From a Buick 8
by Stephen King
Christine For Grown-Ups
A review by Adrienne Miller
Interestingly, the menace in what is said to be King's last novel (minus the final Dark Tower installments), is principally psychological. The Buick 8 in question has been stashed in a storage shed for over twenty years, breathing, alive, sucking the warmth and very life out of the air around it. The son of the recently-killed cop who, in 1979, found the car at a gas station (but where was the driver?) becomes obsessed by it, trying to figure out the answer to the big question: Why does the car make people disappear? From a Buick 8 is a quieter, more oblique, subtler book than King's earlier work, and is, in some essential writerly ways, much better. King has recently shown a greater sensitivity to character (his people here are almost Russell Banksian), detail, and nuance. While the prose style in some of the first-person sections tends to veer into down-home-type hokiness, From a Buick 8 is a rich and richly entertaining book, a grown-up's version of Christine.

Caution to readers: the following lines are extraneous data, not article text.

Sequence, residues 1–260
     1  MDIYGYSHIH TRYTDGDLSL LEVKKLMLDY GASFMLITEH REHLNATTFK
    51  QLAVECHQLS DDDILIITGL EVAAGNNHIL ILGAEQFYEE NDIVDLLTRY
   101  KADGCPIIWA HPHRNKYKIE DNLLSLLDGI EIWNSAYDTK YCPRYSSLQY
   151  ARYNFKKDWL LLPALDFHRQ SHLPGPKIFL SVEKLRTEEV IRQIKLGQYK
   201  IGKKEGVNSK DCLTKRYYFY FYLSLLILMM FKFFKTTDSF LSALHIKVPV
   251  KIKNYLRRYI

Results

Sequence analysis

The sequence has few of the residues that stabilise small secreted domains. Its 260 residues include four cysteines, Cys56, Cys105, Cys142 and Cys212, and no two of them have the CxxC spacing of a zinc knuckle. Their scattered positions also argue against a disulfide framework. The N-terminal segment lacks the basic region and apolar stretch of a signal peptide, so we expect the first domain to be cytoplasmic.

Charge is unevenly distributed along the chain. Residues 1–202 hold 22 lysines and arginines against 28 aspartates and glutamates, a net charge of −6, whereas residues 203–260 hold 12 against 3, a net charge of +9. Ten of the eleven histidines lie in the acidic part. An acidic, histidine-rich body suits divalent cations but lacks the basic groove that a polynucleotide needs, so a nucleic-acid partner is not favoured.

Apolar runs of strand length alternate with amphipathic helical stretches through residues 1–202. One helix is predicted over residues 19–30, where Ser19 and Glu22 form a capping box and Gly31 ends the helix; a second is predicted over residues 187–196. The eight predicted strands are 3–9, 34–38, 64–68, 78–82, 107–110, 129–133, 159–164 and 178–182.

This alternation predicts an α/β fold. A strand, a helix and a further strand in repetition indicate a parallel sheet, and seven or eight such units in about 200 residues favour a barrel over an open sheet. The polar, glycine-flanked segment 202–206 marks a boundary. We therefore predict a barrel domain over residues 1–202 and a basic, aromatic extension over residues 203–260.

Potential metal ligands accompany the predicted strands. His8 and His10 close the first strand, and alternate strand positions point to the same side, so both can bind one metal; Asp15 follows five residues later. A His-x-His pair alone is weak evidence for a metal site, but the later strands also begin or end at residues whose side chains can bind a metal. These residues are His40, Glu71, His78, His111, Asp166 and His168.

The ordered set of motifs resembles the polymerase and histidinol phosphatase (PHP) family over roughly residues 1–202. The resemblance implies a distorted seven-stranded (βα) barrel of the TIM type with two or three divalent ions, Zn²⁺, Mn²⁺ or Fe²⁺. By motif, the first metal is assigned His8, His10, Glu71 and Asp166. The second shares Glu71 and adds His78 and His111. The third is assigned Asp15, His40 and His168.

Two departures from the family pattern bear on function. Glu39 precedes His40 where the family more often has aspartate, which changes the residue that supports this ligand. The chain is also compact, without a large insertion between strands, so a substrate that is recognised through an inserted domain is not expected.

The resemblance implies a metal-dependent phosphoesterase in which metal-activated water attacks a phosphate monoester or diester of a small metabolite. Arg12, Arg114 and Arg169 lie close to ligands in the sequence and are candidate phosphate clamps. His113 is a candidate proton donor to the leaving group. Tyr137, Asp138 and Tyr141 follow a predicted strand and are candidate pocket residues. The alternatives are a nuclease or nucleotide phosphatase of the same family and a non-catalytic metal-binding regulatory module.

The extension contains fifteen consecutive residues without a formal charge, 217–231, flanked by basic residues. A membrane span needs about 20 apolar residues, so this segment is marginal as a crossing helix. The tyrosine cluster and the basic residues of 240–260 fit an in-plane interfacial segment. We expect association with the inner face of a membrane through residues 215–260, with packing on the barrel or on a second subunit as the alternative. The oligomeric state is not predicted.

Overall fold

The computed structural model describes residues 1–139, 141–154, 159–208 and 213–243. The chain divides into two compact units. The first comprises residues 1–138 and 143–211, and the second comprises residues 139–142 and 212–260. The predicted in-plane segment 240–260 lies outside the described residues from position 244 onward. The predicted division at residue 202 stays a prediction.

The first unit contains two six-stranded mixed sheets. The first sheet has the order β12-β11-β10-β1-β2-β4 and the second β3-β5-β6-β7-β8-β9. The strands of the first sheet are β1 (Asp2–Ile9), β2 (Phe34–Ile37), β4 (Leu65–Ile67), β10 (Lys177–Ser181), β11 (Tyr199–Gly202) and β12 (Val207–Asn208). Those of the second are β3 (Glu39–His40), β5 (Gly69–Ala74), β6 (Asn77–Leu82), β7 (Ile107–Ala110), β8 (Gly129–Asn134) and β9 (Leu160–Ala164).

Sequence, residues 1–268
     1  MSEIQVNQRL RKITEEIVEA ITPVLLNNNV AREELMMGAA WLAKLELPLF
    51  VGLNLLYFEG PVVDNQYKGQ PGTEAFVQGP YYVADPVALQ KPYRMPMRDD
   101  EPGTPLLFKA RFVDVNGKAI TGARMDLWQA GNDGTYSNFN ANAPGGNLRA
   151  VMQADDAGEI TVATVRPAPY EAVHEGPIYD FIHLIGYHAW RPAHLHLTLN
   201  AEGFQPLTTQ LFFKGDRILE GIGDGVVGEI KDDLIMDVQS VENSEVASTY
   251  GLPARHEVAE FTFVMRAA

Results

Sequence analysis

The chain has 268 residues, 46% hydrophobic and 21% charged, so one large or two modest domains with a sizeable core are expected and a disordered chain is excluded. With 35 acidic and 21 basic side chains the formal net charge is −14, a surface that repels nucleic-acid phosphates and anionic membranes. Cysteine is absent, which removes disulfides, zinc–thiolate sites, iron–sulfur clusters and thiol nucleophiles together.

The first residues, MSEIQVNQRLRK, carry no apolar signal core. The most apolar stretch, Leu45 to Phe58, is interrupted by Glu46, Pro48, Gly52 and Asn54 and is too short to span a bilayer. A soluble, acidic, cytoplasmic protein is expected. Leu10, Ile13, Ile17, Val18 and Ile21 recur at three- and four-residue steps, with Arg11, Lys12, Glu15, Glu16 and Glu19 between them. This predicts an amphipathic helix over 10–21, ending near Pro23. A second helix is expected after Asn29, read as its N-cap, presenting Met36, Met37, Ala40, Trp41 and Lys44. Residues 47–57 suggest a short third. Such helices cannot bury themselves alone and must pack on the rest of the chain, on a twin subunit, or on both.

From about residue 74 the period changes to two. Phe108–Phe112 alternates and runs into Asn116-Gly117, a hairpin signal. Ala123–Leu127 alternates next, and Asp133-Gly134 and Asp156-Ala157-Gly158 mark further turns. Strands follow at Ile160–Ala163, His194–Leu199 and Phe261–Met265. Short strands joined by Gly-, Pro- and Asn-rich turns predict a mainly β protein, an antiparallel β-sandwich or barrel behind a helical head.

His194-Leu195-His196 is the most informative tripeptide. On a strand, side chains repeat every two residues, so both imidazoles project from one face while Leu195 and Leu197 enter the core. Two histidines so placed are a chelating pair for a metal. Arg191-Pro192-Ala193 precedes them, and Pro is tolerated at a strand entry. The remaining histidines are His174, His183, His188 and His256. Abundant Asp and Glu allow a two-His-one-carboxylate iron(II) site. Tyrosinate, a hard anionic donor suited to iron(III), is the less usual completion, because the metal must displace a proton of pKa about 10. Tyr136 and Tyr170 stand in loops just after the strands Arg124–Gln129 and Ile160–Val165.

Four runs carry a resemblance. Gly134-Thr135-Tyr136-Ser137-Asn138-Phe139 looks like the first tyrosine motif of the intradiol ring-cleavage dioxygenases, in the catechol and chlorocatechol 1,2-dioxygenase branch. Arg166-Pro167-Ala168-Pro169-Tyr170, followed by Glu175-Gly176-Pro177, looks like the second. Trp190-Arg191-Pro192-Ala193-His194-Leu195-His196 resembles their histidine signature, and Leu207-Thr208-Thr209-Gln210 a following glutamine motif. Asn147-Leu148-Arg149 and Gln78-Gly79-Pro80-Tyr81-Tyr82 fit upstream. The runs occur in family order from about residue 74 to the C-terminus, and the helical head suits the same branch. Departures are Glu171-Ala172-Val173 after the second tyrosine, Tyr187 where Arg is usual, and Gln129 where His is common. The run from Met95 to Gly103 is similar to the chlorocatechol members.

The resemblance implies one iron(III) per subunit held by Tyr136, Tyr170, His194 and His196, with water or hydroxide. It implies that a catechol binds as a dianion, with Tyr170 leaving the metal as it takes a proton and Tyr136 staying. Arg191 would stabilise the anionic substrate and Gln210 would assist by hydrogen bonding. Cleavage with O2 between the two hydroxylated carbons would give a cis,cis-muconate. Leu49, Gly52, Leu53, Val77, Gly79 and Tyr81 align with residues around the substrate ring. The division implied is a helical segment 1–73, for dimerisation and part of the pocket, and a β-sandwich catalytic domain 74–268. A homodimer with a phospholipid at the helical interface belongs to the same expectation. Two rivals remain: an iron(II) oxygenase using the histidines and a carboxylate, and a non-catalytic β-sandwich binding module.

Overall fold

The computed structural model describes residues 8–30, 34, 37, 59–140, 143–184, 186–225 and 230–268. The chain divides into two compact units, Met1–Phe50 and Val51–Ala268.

Adrienne Miller is Esquire's literary editor.
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